Yokogawa solution simplifies creep testing in concrete
June 2016, Data Acquisition & Telemetry
Celebrating its Centenary in 2008, the University of Pretoria (UP) is a leading research university in South Africa and one of the largest in the country. UP offers more than 1800 academic programmes offered in nine faculties, as well as a business school and is at the forefront of tertiary education in the country through collaboration with partners of excellence in learning and teaching. The vision is international recognition for the relevance and impact of its research, as well as for developing people and making a difference both locally and globally.
Creep testing in concrete is a lengthy process carried out under specified conditions to test the tendency of concrete to move slowly or deform permanently due to exposure to natural elements and mechanical forces. This is a critical measurement in building technology, as it influences structural design and mixing ratios in building materials.
The Department of Civil Engineering at UP perform creep testing manually by logging and measuring creep with a dial gauge attached to a concrete specimen. Typically, creep testing can run for a period of six months to two years, thus requiring excessive human input and introducing a high probability of error or omission, rendering invalid results.
Once data is captured, it then has to be entered into a programme for further analysis. The solution required a data logging system that UP could install, configure and operate with relative ease. Additional capabilities required included autonomous data capturing over an extended period with minimal human intervention, with the ability to cater for future expansion.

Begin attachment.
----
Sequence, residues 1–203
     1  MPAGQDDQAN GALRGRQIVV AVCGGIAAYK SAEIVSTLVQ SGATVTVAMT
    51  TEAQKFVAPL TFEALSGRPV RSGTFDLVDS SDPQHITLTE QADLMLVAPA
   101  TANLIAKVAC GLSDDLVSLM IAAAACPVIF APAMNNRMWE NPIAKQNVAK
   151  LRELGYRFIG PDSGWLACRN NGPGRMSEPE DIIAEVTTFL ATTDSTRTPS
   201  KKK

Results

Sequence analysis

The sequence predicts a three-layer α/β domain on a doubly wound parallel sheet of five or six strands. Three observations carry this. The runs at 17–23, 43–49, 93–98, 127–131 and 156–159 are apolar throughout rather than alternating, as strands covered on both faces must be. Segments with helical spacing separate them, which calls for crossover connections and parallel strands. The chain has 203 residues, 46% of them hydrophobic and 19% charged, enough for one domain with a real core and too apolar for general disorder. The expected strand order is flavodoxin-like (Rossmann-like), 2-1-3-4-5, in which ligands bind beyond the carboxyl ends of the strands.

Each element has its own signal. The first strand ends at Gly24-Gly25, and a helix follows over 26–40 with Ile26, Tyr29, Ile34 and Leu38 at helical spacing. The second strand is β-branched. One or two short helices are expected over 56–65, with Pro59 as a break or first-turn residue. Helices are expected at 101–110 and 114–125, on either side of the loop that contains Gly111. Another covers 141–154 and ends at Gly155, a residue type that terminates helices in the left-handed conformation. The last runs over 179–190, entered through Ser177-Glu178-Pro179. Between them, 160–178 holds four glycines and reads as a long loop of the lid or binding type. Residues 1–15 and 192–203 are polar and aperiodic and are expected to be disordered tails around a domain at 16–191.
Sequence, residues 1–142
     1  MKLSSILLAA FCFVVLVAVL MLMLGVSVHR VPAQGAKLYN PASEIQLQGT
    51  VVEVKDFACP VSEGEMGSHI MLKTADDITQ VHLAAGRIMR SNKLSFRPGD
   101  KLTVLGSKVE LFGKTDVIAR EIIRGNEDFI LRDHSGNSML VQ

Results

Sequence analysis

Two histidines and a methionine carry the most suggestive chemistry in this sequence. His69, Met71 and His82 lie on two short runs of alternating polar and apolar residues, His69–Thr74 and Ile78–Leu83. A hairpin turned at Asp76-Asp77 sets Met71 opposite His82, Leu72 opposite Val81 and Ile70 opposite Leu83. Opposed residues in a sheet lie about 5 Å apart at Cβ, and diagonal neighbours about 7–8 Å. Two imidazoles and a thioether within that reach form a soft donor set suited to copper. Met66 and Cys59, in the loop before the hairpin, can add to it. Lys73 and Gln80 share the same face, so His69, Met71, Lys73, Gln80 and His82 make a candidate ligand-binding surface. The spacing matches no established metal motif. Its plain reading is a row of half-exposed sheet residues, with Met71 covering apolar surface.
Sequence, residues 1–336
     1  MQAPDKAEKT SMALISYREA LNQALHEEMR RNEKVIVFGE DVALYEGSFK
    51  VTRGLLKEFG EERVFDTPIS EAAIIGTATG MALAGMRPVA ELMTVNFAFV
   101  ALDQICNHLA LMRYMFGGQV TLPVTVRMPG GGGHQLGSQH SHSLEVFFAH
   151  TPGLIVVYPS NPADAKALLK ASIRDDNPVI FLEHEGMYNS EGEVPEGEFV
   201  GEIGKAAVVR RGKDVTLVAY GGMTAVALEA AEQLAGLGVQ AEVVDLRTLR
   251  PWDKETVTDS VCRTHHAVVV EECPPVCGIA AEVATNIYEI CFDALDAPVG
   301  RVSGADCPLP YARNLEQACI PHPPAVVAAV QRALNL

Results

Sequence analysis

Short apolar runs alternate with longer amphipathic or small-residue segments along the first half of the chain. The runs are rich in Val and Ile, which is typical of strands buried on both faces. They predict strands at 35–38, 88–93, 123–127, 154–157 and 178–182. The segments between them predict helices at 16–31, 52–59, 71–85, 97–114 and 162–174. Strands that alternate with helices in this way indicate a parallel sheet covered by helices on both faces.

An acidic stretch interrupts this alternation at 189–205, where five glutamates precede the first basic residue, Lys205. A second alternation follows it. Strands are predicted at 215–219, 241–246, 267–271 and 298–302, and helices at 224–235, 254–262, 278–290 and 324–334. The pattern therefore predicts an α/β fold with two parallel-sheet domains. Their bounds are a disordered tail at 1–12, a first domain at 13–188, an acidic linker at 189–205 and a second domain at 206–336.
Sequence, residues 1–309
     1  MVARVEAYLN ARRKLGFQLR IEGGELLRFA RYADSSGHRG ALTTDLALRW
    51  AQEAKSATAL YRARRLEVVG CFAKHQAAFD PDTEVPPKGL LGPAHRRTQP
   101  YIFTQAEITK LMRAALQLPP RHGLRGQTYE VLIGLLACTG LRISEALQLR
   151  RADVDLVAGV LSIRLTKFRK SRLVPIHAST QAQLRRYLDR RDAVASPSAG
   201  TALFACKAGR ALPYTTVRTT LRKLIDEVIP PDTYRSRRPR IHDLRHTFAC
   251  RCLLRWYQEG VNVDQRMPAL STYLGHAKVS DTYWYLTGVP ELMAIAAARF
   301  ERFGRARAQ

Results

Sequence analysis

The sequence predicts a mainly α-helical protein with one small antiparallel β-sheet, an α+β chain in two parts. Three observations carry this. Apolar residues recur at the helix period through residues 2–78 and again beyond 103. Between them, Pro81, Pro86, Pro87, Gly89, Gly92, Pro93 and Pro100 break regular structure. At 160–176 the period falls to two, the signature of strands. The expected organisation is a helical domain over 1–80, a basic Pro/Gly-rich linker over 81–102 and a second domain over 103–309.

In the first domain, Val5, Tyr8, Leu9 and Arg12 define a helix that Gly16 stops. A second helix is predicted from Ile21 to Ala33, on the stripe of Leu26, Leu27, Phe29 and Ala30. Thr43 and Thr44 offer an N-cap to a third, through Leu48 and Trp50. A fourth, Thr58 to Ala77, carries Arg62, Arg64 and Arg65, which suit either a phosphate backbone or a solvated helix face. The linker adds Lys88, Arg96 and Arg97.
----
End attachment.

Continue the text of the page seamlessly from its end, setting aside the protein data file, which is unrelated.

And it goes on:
The Yokogawa solution
Yokogawa’s GM Datalogger replaces all manual steps in the creep test process, enabling test facility personnel to monitor the measurements from any computer via the faculty’s LAN. Additional features of this system include the remote starting or stopping of recording, the broadcast of alarms over the network and the automatic backup of data to a central server at specified intervals as per UP’s requirements. Benefits were identified as follows:
• Continuous data acquisition at specified intervals.
• Dynamic calculations based on the acquired data.
• Graphical representation of the data.
• Automated archiving of the data.
• Alarming of out of limit conditions.
Yokogawa’s GM Datalogger is a fit for purpose system designed for easy integration, which allowed UP to install the unit themselves. The user-friendly graphics and analysis tools ensured a short start-up time, enabling UP to begin automated creep testing almost immediately.
The unit is a rack-mounted, expandable data acquisition system designed to cater for high channel count, distributed datalogging applications and it is coupled with a graphic logging, reporting and analysis software package (GA10) to complement the analysis capabilities. In future, the expandable nature of the design will allow UP to extend the system to other test stations in the faculty.
For more information contact Christie Cronje, Yokogawa South Africa, +27 (0)11 831 6300, email@example.com, www.yokogawa.com/za